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New Delhi, May 22 – Women should start getting regular mammograms at age 40 to prevent the risk of breast cancer, said doctors on Monday.
This comes after the US Preventive Services Task Force (USPSTF), last week, in its draft recommendation suggested that women get screened for breast cancer starting at age 40 from the age of 50, as recommended earlier.
Breast cancer is the most common cancer among women globally. According to the World Health Organization, in 2020 more than 20 lakh females were diagnosed with breast cancer, and more than 6 lakh lives were lost.
In India, breast cancer is the leading cause of cancer in women.
In 2020, more than two lakh women in India were estimated to have been diagnosed with breast cancer, and more than 76,000 deaths were reported as per the estimates, according to the National Cancer Registry Programme report by the National Centre for Disease Informatics and Research.
As per the report, the number is expected to rise to more than 2.3 lakh cases in 2025.
Doctors suggest that early detection is key, and can accelerate diagnosis and treatments. If detected timely in most cases breast cancer can also be cured.
“Regular screening plays a pivotal role in identifying breast cancer. Breast cancer screening serves as an effective means of detecting it at early stages, increasing the likelihood of successful treatment. It also enhances the prospects of survival significantly,” Dr. Bhavisha Ghugare, Consultant – Surgical Oncology, Breast Oncosurgeon, HCG Hospitals, Mumbai, told IANS.
“We have started seeing more young women with breast cancer and many of them come to us at later stages. So Indian women should start annual breast cancer screening with mammograms from the age of 40 years,” Dr. Ghugare said.
Breast screening tests include a range of methods like mammography, ultrasonography, magnetic resonance imaging (MRI), and digital breast tomosynthesis (DBT).
However, mammograms — an x-ray imaging method — remain the most effective method of early breast cancer detection, and the benefits outweigh the risk of radiation. Used both as a diagnostic and screening tool, it exposes women to a very tiny amount of radiation — about 0.4msv.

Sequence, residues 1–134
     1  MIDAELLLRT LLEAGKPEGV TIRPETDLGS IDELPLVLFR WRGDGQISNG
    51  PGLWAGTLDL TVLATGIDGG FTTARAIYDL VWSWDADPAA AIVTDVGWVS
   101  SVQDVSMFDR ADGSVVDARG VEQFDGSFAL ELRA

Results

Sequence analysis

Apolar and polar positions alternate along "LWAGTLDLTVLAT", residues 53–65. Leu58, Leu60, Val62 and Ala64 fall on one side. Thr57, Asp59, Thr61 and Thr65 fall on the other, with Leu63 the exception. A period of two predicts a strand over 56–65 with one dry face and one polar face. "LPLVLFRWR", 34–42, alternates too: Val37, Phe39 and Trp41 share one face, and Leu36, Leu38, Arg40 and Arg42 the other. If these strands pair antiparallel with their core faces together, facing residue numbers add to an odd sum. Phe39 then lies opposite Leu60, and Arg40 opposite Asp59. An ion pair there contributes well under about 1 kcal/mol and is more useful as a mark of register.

Timing of screening depends upon the breast cancer risk of the individual, Dr Uma Dangi, Consultant Medical Oncology, Fortis Hospital, Mulund – Mumbai, told IANS.
“In patients with strong family history, genetic testing is recommended. If a high risk mutation is found e.g. BRCA, screening with mammography or MRI should start as early as the age of 25 years. But for average risk females, screening with mammography should start by the age of 40 to 45 years, every 1-2 years,” Dr Dangi said.
She explained that compared to the West, breast cancer incidence is more common in younger age groups in India.
“We should develop our own screening guidelines based on the pattern of incidence and availability of resources. Screening strategy should largely be risk based rather than just based on age and gender. This will not only bring down the cost, but also identify populations at high risk,” Dr. Dangi said.
Further, the doctors suggested that breast awareness should begin by the age of 20 years. Women should be educated about self breast examination, early signs, and symptoms. This will lead to early detection and better outcomes.
The symptoms include new lump in the breast or underarm (armpit), thickening or swelling of part of the breast, irritation or dimpling of breast skin, redness or flaky skin in the nipple area or the breast, pulling in of the nipple or pain in the nipple area.